The word, Dhamma, is the Prakrit form of Dharma in Sanskrit. There have been attempts to find an equivalent English word: ‘morality’, ‘piety’, and ‘righteouness’ are the words used, though Romila Thapar favours ‘virtue’ in preference to the others.
However, scholars found it to be untranslatable into English as it was coined and used in a specific context. The word Dharma (or Dhamma) had not just one meaning in the literature and thought of ancient India.
Asokan Dhamma, for instance, cannot be equated with the term as it is used in other contexts. There is a lot of speculation and controversy on whether it can be equated with the Buddhist Dhamma itself.
Dhamma was not a religious faith as such, so it cannot be translated as ‘religion’. Nor was it a royal policy formulated in an arbitrary manner.
It was a general statement on social norms-“a way of life incorporating a number of ideas and practices” (Romila Thapar). In his policy of Dhamma, Asoka seems to have tried to synthesise the various norms prevalent in the society of the time.
In his policy of Dhamma, the king could have found a means of solving the existing problems. It has been suggested that the Dhamma policy was an attempt to come to grips with the tensions in which a complex society was involved.
The Mauryan society was a multicultural society where various social, religious and economic forces counteracted one another.
As it is clear from the Arthashastra, a strong ruler, a smoothly working and capable bureaucracy and good communications existed in the Mauryan times and the ruler had to maintain his control over his empire at any cost.
One way of doing this was by exerting ruthless control through armed strength, deification of the ruler and similar stern methods.
The other option was for the ruler to declare his belief in a new faith by which the prominence of the other groups could be curbed and they be directed towards propagating the new ideas. It is this option that Asoka seems to have exercised to keep his empire unified.
On the political level, there was the need for a binding factor. The Mauryan Empire was not only more extensive than that of the Nandas but it also included a greater variety of people.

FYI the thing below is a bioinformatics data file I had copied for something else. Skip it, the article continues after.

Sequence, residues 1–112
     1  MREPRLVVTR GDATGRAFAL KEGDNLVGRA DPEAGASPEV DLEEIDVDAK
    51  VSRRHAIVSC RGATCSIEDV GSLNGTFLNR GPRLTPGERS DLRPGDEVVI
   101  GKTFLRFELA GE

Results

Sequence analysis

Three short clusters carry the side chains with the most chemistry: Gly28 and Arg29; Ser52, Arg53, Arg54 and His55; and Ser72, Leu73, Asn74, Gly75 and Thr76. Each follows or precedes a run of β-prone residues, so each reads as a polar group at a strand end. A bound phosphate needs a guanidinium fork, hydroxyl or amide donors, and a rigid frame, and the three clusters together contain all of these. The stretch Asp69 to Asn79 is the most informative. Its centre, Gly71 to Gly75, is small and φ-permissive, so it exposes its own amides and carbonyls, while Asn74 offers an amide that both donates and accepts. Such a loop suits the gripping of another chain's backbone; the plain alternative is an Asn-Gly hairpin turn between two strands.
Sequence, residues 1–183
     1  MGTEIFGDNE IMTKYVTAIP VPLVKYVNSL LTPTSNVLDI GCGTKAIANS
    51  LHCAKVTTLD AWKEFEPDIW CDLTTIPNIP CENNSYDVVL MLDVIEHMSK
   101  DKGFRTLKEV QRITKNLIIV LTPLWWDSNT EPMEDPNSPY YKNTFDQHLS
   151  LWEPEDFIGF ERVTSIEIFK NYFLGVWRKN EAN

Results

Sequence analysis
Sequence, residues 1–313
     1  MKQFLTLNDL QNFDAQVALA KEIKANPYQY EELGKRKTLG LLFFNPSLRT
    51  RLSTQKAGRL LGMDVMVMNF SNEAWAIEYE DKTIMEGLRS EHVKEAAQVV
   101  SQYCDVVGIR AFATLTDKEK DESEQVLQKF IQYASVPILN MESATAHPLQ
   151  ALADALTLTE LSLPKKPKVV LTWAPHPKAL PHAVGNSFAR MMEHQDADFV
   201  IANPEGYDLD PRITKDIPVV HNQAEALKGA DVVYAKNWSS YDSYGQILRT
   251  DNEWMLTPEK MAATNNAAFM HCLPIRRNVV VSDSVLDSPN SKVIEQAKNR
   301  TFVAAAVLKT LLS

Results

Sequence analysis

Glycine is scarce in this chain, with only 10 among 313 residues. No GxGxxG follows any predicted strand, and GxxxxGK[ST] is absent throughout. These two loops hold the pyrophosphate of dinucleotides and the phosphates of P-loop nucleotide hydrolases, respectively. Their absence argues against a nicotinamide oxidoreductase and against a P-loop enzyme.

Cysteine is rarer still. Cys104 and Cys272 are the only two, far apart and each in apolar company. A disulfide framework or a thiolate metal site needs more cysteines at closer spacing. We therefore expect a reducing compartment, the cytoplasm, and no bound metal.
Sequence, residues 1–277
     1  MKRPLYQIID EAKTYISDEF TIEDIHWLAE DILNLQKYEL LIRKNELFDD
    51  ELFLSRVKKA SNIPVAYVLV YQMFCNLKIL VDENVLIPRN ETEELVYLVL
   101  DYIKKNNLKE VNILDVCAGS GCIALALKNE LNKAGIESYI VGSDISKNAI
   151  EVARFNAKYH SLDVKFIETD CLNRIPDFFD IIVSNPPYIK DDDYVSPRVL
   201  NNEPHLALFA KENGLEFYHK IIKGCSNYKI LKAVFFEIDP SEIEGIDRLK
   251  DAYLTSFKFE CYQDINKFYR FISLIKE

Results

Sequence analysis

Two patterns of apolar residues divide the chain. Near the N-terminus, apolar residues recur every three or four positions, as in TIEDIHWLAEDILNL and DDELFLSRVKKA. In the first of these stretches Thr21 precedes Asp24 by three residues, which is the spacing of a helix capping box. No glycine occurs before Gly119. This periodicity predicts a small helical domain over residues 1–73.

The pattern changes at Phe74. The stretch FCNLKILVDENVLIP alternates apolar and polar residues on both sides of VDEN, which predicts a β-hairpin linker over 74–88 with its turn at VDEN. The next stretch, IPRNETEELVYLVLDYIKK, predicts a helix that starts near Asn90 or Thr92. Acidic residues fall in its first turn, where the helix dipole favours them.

Imperial control had been imposed over a vast area that had earlier, for the most part, been divided into small kingdoms. The Dhamma policy, with its focus on social responsibility irrespective of caste or status, attempted to provide the cementing factor.
Tensions obviously existed between the various religious sects. Though Buddhism, Jainism and other sects like those of the Ajivikas had become popular the brahmans still had a strong hold on society.
The heterodox sects were opposed to such domination. There could have been areas within the empire where both the brahmanical and the sramanical cultures were not popular. (A.L. Basham in A Cultural History of India mentions two categories of religious leaders, brahmans and sramanas where the latter are referred to as ‘heterodox ascetics’.
Mahavira, Buddha and Makkali Gosala are mentioned as sramana teachers.) In such diversity, there was a pressing need to generate mutual trust and harmony.
The ideas of Dhamma and the practices advocated by it were useful to bind and unite the various elements.
Asoka possibly did not have a large support from the orthodox and older elements at the court during the early part of his reign.
By giving support to the heterodox sects without opposing orthodox Brahminism, he could have been looking for a kind of support that would wean the people away from orthodoxy and make his own principles more acceptable to them.
Romila Thapar notes that “the new beliefs were not violently opposed to the old and it was therefore possible to bring about a compromise”.
Asoka issued edicts to explain and propagate his Dhamma policy. These edicts were meant to be read by various kinds of people from different walks of life. Thus the policy was directly communicated to his subjects.
Asoka also undertook public welfare measures and administrative reforms to propagate Dhamma. In his edicts, he mentions the welfare and other activities that were carried out.
He also explains the appointment of officers of Dhamma (Dhamma mahamattas) for the purpose and mentions his undertaking of royal tours (Dhamma yatras).